Once in a blue moon, I’m washed over by a flash flood of memories from the old days, my college football days. I don’t know exactly what triggers these high tides of recollection. Maybe it’s subliminal. Maybe I’ve overheard some simple, almost-forgotten phrase, or caught the scent of fresh-cut Bermuda, or felt an all-too-familiar twinge of pain in my right knee, and the heavens just open up. Today, my subconscious raised Tommy Moffit from the stream and paused.
I want to say: “Tommy Moffit was a great American!” But … while I suspect that may very well be a true statement, the fact is I really don’t know what Tommy was. I knew Thomas Moffit only as an ‘acquaintance’ when he was a teammate of mine at Tennessee Tech University in the late 1980’s, and I haven’t heard from him, or of him, in the past 25 years . In fact, even though I played football with him for two full seasons, for the life of me, I can’t tell you what position Tommy even played. I remember him as being 6’-2 or 6’-3, maybe taller, and weighing about 230 pounds. He was reasonably fit and muscular but not excessively fast or strong. I recall that he had a head full of bushy, dark hair and that he spoke with an accent that was unmistakably eastern Tennessean. So with that description, today here stands Tommy Ballard, as vividly in my mind as if he was physically beside me on the sideline at Murray State or Austin Peay, making ready for what we considered a winnable conference game.
Tommy’s forte, the quirky practice that accompanies this old teammate into my thoughts after three decades, was “Motivation Through HIGH VOLUME Screaming.” Very simply, he was the BEST, better than anyone I’ve ever known.
On a football team, there are always a few guys who are compelled (by genetics, I believe) to yell out verbal adrenaline shots, the purpose of which is to stir their teammates into a frenzy of aggression. THAT was Tommy. Whether he was officially assigned this task by the coaching staff or not, I’ll never know, but Tommy reveled in “Pump Up the Crowd” duty at home games, and, of course, its flip side “Infuriate the Crowd” duty on the road.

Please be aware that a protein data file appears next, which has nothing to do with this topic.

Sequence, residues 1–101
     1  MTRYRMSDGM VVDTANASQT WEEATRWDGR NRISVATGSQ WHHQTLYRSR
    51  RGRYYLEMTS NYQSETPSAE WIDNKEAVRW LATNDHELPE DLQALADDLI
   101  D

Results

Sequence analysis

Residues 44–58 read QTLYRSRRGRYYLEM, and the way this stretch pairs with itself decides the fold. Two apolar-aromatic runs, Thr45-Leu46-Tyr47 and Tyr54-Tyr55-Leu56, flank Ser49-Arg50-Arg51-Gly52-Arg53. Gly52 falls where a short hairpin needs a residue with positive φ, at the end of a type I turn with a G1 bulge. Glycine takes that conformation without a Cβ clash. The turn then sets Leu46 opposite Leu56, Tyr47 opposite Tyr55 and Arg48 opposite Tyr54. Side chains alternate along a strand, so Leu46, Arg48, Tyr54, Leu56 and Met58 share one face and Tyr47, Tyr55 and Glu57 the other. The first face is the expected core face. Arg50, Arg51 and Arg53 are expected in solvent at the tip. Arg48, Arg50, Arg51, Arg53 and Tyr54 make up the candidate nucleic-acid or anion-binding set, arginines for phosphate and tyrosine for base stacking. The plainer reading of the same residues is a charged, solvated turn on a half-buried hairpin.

In carrying out his mission for Golden Eagle Football, Tommy developed a catch phrase. “O-V-C, baby!” Not very imaginative or unique, true, but it was all his. And he wielded it early and often any time Tennessee Tech played an Ohio Valley Conference opponent. When he said it, at the top of his lungs, sometimes preceded or followed by a “WHOOO,” he would typically be looking some teammate directly in the eye. At that point, the teammate was bound, by the Official Teammate Code, to respond with a “YEAH!” and a nod, so that Tommy could proceed to the next linebacker or split end in need of his inspiration. To ignore the “O-V-C, baby!” was to incur hammered fists to your shoulder pads and a re-boot of the process, now nose-to-nose, and this time with a change of inflection. “O-V-C, baby?! O-V-C, baby?!” Tommy demanded the appropriate response – PERIOD.
As we entered the field for warm-ups: “O-V-C, baby!” Just after the national anthem: “O-V-C, baby!” During the opening kickoff (I’m almost certain Tommy was on either the kick-off or the kick-off return team. If he wasn’t, he certainly was in spirit): “O-V-C, baby!”
As our games progressed, Tommy’s signature phrase usually took on a more plaintive, pleading tone, and the meaning of “O-V-C, baby!” became “This is the O-V-C, baby! How can we have gotten behind by two touchdowns already?!” But any positive turn of events would always rekindle the energy in Tommy’s battle cry, and if we were in the games at all, he was right there to the bitter end (most of our ends were bitter; we were 5-16 in my two seasons at Tennessee Tech).
“O-V-C, baby!” I remember it like it was yesterday. The ineloquence of the phrase always makes me smile. “O-V-C, baby!” The repetitive, random usage of that idiom, containing not a shred of originality, yet persistently echoing over the course of two college football seasons, has seared this unquestionably ridiculous, two-word call to arms, and its creator, into my psyche forever.
I remember Tommy Moffit as a slightly crazed, moderately athletic college football player, excessively enthusiastic, with no apparent awareness of the reality of our mediocrity. My inner cynic tells me that Tommy’s efforts were absurd. Was it reasonable to think that just because we were in a conference game we were somehow going to become a better team? Was it reasonable to think that because he screamed in my face I had a better chance of blocking Eastern Kentucky’s defensive tackle than I did without the scream? No, it wasn’t reasonable. But youthful exuberance, and optimism, and enthusiasm aren’t based on reason. They’re based on hope.
I remember Tommy Moffit as a slightly crazed, moderately athletic college football player who screamed youthful exuberance, optimism and enthusiasm. I wonder if he remembers me at all.